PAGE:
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Wyden and the Coos County Budget

The Coquille Valley Sentinel of Coquille, Oregon

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Senator Wyden's new O & C Bill will not stop Coos County government's long slide towards insolvency. Historically O & C payments comprise 50% or more of the County's discretional revenue. For example, in Fiscal Year (FY) 2007-2008 this payment was $6.8 million and 56% of the County's discretionary fund. According to the Coos County Budget Book O & C payments declined to $4.7 in FY2010-2011 and dropped to $1.8 million by FY 2013-2014.

O & C discretionary revenue can be used for any lawful purpose - unlike dedicated funds that can only be spent for specific things. Most of Coos County's Law Enforcement services - Sheriff's patrols, Jail, DA's Office, and Juvenile Department are primarily paid for by discretionary funds.

Coos County government has the third lowest property tax rate - $1.08 per $1,000 of Oregon's 36 County governments. Historically O & C payments were substantially higher then County property tax revenue. For FY2013-2014 Coos County received $4.4 million in property taxes. The yearly cost of the Sheriff's criminal and jail divisions is $8.2 million. Even if all the property taxes and O & C payments were used to fund these divisions it wouldn't be enough.

The County does have some other discretionary funds, mainly from the County forest, but they are insufficient to pay for Law Enforcement. Most dedicated County funds can't be used for these services.

To cover the drop in O & C revenue the county has drawn down millions from its reserve funds. If this continues Coos County will become insolvent.

Senator Wyden's bill does not fix this problem. Wyden's website says his bill will double the timber harvest on the O & C lands "compared to the last 10 years". The site references a prediction by forest scientist Dr. Norm Johnson that the harvest will cut "300-350 million board feet per year for the next 20 years". Wyden's bill would prohibit clear cuts or the harvesting of any old growth trees on O & C lands. The bill also requires that large stands of timber and some individual trees be left standing in the areas that are logged.

Senator Wyden's website estimates his bill will generate between $17-19 million per year in revenue to be divided among the 18 O & C counties. According to the Wyden website O & C payments for this fiscal year totaled $35 million. By his own estimate Senator Wyden's proposal would drop O & C payments to about half of their current low level. A press release from the association of O & C counties states there was a yearly "historic average of $134 million for local communities from O & C lands".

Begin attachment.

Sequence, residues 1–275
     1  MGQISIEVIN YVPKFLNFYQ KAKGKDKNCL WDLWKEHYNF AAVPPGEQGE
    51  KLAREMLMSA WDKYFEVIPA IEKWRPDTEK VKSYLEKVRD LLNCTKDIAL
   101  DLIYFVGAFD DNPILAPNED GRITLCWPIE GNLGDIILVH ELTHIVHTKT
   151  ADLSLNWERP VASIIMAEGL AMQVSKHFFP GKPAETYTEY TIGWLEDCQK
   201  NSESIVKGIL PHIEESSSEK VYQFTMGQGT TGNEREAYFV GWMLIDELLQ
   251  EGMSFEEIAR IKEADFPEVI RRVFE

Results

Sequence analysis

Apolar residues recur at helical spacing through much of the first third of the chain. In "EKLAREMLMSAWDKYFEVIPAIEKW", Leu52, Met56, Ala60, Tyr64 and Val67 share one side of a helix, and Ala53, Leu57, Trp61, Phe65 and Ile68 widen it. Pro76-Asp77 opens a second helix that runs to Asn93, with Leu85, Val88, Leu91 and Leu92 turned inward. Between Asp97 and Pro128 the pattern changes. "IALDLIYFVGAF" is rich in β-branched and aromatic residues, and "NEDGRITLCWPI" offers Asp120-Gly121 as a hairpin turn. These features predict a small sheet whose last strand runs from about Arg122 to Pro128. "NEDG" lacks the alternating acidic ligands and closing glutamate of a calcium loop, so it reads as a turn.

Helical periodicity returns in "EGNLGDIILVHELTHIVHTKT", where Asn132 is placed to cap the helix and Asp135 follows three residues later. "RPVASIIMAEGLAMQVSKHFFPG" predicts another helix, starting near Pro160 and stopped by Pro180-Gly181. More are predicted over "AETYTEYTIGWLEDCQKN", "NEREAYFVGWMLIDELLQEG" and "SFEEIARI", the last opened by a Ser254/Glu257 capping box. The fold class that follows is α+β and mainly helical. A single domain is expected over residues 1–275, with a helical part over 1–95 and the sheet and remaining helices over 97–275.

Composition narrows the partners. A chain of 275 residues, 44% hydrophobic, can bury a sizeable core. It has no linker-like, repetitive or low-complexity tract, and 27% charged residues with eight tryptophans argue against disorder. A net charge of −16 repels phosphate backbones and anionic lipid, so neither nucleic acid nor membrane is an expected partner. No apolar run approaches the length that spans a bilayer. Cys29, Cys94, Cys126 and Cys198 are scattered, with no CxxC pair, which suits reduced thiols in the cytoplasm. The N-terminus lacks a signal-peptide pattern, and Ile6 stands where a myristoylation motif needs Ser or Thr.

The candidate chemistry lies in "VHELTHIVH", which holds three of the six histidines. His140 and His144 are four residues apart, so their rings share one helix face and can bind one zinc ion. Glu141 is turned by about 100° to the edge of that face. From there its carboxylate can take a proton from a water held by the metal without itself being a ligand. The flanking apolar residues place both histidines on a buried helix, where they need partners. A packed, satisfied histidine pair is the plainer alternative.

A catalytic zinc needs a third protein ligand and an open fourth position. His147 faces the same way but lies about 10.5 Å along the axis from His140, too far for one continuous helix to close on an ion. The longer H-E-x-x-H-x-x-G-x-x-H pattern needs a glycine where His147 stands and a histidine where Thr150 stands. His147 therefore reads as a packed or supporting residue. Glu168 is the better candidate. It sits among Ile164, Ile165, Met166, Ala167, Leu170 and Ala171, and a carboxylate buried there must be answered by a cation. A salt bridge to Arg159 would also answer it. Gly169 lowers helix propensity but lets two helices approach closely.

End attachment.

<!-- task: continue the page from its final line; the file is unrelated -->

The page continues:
It is unclear exactly how much money the Wyden bill would provide Coos County. Using assumptions based on data from Senator Wyden's office Headwaters Economics, a Montana think-tank, estimates the FY2014 payment to Coos County would range from a low of $926,375 to a high of $990,777. This is about six million dollars below Coos County's yearly historical average.

The Headwaters estimate may be overly optimistic. The Association of O & C Counties believes that Senator Wyden's burdensome harvest requirements may substantially reduce his revenue projections. Some sources in county government tell me they believe the Wyden bill might provide only $500,000 yearly to Coos County.

Senator Wyden's bill also merges Coos Bay Wagon road land into the O & C lands - traditionally they were separate - but does not increase Coos County's share of O & C revenue. The Coos County commissioners continue to hope for legislation that would provide the County revenue from the Wagon road. A November story in The World reported that Commissioner Bob Main estimates this land could generate $8 to 12 million per year in County revenue.

Senator Wyden acknowledges that his legislation will not adequately fund County government. He says that he will introduce separate legislation to provide additional County revenue but we don't yet know how much.

The Association of O & C Counties is highly critical of Senator Wyden's bill. The Association prefers a House bill authorized by Representatives DeFazio, Schrader and Walden. The Association believes this bill can generate $ 100 million annually in O & C revenue. The House bill passed the House in September. However, Senator Wyden says the house bill can't pass in the Senate. The Whitehouse states that even if the House Bill somehow does pass the Senate President Obama will veto it.

As Congress prepares to adjourn for Christmas vacation the future of County government appears as murky as ever.

Copyright 2013 The Coquille Valley Sentinel, Coquille, Oregon. All Rights Reserved. This content, including derivations, may not be stored or distributed in any manner, disseminated, published, broadcast, rewritten or reproduced without express, written consent from SmallTownPapers, Inc.

Original Publication Date: December 18, 2013

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